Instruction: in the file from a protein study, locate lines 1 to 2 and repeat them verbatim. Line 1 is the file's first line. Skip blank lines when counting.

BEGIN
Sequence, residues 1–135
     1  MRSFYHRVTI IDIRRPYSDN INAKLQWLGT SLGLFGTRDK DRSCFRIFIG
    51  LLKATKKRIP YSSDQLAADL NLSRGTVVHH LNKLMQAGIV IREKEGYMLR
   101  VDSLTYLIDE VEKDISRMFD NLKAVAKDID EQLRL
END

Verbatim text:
Sequence, residues 1–135
     1  MRSFYHRVTI IDIRRPYSDN INAKLQWLGT SLGLFGTRDK DRSCFRIFIG